The skylights topping the atrium bring diffuse daylight into the upper levels of the building, which house offices, meeting rooms and study spaces. Photo by Adrian Ozimek

With a projected energy use of 110 kWh/m2, the Myhal Centre aims to be one of the most sustainable post-secondary facilities in Canada and an exemplar of low-energy design for the city. Initiatives include rooftop photovoltaics, passive solar shading and underfloor distribution ventilation. Tapping into the University’s district energy system also reduces emissions. Both in design and in use, the building is an expression and an incubator of creativity and innovation.

The architects conceived the building to last 100 years—designing it to adapt to shifting trends in education, be durable as a structure and showcase sustainability in its engineering systems. It’s a laudable goal that seems like it may be achievable. The enduring, highly contextual architecture of the Myhal Centre quietly blends into its urban campus setting, making it seem as though it’s always been there.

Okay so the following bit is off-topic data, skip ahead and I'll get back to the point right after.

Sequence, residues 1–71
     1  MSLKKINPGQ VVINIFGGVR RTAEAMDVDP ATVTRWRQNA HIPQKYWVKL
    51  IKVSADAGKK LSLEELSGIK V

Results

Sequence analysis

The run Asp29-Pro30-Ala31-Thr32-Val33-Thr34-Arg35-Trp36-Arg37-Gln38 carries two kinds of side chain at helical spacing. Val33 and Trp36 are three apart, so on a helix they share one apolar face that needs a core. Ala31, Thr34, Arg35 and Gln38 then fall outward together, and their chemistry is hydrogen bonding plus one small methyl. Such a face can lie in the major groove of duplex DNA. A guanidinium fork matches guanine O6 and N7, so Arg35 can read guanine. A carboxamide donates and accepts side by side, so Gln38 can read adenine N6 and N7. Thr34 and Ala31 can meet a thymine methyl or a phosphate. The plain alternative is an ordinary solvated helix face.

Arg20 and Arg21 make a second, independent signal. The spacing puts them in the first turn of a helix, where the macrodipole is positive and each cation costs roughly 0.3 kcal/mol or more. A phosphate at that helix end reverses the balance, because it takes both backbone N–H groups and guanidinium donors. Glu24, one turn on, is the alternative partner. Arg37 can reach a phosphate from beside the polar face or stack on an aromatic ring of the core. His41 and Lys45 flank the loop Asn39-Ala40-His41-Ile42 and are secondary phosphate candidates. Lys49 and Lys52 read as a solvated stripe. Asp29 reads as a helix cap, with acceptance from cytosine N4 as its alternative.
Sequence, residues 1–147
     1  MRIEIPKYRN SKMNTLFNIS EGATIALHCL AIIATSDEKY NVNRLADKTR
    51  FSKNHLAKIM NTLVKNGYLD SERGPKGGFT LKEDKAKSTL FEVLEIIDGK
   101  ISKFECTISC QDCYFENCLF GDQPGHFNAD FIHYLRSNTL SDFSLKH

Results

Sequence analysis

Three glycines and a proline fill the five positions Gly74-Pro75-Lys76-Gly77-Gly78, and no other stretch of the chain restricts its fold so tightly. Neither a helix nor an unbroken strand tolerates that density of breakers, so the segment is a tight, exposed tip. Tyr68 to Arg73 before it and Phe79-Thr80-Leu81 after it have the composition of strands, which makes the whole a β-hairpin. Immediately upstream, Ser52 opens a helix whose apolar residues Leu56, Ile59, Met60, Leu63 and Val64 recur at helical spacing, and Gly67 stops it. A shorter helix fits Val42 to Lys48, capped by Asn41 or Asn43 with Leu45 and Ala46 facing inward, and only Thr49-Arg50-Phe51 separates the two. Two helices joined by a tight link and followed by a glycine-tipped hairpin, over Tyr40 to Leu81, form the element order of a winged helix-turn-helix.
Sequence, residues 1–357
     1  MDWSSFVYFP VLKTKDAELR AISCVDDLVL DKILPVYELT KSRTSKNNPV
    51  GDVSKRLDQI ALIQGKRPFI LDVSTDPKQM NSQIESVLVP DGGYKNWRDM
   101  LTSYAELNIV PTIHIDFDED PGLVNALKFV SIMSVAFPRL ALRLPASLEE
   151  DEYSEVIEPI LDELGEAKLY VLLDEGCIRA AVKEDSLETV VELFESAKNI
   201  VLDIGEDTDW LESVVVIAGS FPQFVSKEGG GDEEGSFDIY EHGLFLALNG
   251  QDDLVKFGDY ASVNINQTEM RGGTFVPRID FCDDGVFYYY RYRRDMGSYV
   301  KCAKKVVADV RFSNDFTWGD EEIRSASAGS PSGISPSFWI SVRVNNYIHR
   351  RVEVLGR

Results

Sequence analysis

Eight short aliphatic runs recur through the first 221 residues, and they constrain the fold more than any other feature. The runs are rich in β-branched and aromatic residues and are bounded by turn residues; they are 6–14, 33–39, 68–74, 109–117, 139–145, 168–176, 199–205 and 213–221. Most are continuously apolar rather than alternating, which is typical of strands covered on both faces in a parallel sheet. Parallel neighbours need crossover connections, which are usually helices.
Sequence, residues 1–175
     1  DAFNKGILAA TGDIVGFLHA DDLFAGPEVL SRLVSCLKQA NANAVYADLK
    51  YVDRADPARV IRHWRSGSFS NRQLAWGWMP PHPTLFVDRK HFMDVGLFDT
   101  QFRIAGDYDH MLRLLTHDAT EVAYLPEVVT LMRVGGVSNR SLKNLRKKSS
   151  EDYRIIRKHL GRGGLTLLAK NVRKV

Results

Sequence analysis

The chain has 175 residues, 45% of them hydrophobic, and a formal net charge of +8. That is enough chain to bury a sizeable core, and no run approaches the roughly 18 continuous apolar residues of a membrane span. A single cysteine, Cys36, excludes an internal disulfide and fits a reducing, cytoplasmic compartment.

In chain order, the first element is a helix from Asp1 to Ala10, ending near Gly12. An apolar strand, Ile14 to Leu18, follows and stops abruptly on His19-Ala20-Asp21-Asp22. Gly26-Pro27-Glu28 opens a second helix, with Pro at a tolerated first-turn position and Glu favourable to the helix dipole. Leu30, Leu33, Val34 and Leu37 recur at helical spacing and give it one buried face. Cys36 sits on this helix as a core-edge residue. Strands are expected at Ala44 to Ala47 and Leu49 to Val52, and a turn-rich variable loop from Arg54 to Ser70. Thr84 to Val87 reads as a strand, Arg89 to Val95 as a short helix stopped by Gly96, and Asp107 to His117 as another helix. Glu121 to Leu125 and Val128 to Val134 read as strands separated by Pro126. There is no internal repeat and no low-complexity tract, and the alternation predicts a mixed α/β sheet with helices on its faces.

Stephanie Calvet is a Massachusetts-registered architect and writer specializing in architecture and design. She is based in Toronto.

CLIENT University of Toronto | ARCHITECT TEAM Montgomery Sisam—Robert Davies (FRAIC), Jason Dobbin (MRAIC), William Harispuru (MRAIC), Tony Ross (MRAIC), Shannon Wiley. Feilden Clegg Bradley—Peter Clegg, Jake Armitage, Simon Doody. | STRUCTURAL Read Jones Christoffersen | MECHANICAL/ELECTRICAL Smith + Andersen | LANDSCAPE NAK Design Studios | INTERIORS Montgomery Sisam Architects | SUSTAINABILITY Footprint | ENVELOPE Synergy | HERITAGE ERA Architects | CONTRACTOR Bird Construction | SYSTEMS INTEGRATION CONSULTANT Ted Kesik, Ph.D., P.Eng. | AREA 14,864 m2 | BUDGET Withheld | COMPLETION April 2018

Energy Use

ENERGY USE INTENSITY (PROJECTED) 110 kWh/m2/year | BENCHMARK (Non-medical institutional/commercial buildings in Canada after 2010, Statistics Canada) 305 kWh/m2/year